Attacking the Core of Our Economy

Testimony Before the House Democratic Policy and Steering Committee

CAP Senior Economist Heather Boushey testifies before the House Democratic Policy and Steering Committee.

SOURCE: Center for American Progress

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No less than the role of the public sector and the endgame of who benefits from our nation’s economic growth is what’s at stake in the battle over collective bargaining. America’s middle class has seen decades of hollowing out but the attack on collective bargaining could be the proverbial “last straw” for the viability of the middle class and for the prosperity it has brought our nation.

Unions aren’t the problem with our economy. We continue to live in one of the richest nations on the planet—the third among the developed nations that belong to the Organisation for Economic Co-operation and Development. Even so, in recent decades, the gains of our productivity have accrued only to the very top.

Just three years after a massive financial crisis, profits are rising rapidly but companies are not investing. The nonfarm nonfinancial business sector was holding more than $1.9 trillion in cash in the third quarter of 2010, the highest level since the fourth quarter of 1959, while investment is at the lowest level in more than four decades.

Yet here we are having a conversation about whether we can afford to allow schoolteachers and police officers to have basic labor rights.

In reality, our economy’s future depends on laying the foundation for long-term economic growth by making sound investments in our human capital, our infrastructure, and the next generation of scientific and technological advances. We need these investments for our economy to grow and we need a highly skilled public-sector workforce to put these policies into effect.

The right to collectively bargain gives workers the right to engage in a meaningful conversation with employers about the things that matter to them. Bargaining over wages is important but bargaining over everything else is critical. Unions bargain over issues like class size and adequate safety measures that improve productivity, as well as workplace flexibility concerns like hours, paid sick days and vacation time, and benefits.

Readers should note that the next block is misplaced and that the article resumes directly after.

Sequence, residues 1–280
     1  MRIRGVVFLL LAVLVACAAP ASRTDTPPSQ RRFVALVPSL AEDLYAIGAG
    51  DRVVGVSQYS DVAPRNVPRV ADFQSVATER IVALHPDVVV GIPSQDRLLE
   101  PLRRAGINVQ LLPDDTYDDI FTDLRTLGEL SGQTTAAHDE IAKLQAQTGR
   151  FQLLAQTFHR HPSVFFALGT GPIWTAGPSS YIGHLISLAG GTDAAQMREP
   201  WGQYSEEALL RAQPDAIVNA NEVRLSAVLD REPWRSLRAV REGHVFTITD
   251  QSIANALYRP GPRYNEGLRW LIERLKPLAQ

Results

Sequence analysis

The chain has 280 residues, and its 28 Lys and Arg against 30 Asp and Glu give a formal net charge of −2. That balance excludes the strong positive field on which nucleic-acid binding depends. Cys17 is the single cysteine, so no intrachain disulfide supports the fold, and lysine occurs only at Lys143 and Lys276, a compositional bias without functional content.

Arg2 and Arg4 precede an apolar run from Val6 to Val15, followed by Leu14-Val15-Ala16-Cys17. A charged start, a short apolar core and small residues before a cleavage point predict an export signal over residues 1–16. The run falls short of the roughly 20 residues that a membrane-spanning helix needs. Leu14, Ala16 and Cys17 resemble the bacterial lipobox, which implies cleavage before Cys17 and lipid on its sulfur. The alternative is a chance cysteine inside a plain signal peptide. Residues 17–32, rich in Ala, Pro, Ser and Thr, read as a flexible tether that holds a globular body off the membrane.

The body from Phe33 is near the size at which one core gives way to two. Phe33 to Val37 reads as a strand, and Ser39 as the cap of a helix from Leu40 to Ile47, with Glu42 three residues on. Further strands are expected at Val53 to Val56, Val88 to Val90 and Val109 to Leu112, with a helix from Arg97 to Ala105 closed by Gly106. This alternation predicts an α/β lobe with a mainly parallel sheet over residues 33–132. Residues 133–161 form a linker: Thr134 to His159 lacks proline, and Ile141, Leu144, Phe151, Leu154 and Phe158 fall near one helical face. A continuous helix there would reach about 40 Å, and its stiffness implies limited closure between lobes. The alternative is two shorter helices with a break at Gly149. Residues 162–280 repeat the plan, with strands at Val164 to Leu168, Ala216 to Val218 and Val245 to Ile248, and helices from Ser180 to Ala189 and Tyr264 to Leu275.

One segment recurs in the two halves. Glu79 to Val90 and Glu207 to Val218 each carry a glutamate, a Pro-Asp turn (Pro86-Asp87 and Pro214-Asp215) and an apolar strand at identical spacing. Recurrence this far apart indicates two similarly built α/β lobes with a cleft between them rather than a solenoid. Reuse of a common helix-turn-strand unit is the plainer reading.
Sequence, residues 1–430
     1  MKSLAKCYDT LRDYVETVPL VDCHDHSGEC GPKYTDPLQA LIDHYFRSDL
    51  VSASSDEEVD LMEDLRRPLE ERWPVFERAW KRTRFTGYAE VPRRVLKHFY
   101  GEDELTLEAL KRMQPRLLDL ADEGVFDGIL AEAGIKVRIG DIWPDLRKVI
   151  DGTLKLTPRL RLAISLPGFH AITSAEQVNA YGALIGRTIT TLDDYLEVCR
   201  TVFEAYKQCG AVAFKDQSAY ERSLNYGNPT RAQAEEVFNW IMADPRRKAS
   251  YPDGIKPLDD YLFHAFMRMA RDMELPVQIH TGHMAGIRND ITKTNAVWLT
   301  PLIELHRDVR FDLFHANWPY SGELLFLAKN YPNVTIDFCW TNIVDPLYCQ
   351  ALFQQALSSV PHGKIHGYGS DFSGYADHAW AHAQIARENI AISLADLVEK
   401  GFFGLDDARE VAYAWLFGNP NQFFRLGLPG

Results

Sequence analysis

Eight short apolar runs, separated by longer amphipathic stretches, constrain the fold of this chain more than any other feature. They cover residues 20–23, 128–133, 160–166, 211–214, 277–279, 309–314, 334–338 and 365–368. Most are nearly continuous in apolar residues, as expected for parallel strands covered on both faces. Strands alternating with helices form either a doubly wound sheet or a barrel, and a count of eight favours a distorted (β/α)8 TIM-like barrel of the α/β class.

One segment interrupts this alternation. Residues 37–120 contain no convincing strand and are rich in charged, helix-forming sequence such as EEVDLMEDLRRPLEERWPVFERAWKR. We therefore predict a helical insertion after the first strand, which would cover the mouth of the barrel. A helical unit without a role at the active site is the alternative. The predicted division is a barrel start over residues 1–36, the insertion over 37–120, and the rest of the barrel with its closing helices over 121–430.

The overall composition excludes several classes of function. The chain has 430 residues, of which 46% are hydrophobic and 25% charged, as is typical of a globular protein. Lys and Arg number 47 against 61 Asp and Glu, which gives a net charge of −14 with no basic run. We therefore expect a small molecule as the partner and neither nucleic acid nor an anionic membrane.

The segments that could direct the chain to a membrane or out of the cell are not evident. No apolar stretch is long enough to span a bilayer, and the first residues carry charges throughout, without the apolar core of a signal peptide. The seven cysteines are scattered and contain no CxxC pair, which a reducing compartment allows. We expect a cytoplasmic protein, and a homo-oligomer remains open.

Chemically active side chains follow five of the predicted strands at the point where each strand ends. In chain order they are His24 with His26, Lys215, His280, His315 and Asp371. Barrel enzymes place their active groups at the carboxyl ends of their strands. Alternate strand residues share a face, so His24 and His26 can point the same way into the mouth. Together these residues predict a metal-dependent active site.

What has been striking about the debate in Wisconsin is that the key issue has not been about pay but about voice at work. Gov. Scott Walker has proposed that collective bargaining only covers wages. The unions agreed to pay cuts and greater contributions for their pensions 16 days ago but the protests have continued in the hopes of maintaining the right of public-sector workers to collectively bargain.

Nonwage issues are especially important to caregivers and women workers. Women make up 62 percent of local government workers and just more than half of state government workers, and employment contracts help workers to address their specific job issues, such as navigating conflicts between care responsibilities and work responsibilities.

Take teachers, for example. We know from decades of research that teachers’ skills are critical for children’s educational outcomes, yet the “best and the brightest” have been increasingly eschewing teaching. As women’s career opportunities have flourished in recent decades, they have the choice of whether or not to devote themselves to teaching and if the wages and benefits don’t measure up, the best minds will find opportunities elsewhere. Now, after watching the vitriol in Wisconsin and around the nation, why would a smart, capable young person choose teaching? Will stripping teachers of their benefits and rights improve the quality of our schools?

Public-sector workers are not overpaid. Economist John Schmitt has shown that, “When state and local government employees are compared to private-sector workers with similar characteristics, state and local workers actually earn 4 percent less, on average, than their private-sector counterparts.” Yes, public-sector workers tend to get more generous benefits, but as Schmitt notes, “relatively large differences in benefits per worker may simply reflect the older, better educated, state and local government workforce.”

The jobs our public-sector workers do are important. In fact, they are critical to our economic growth and to rebuilding our nation’s middle class.

Unfortunately, H.R. 1, which passed the House on partisan lines in February, targeted protections for workers, with dramatic cuts aimed at workforce investment programs, occupational safety and health, and the right to organize. For example, the bill will lead to the shutdown of 3,000 local career one-stop centers, 8,000 fewer workplace health and safety inspections, and the furlough of all National Labor Relations Board employees for half of the rest of the fiscal year.

A strong middle class is the key to our nation’s future. But we can’t build a strong middle class if we don’t have safe streets, enriching classrooms, and all the other things public-sector workers do. They are the foundation for a strong economy, not the enemy.

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Heather Boushey is a Senior Economist at American Progress.

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Heather Boushey

Senior Fellow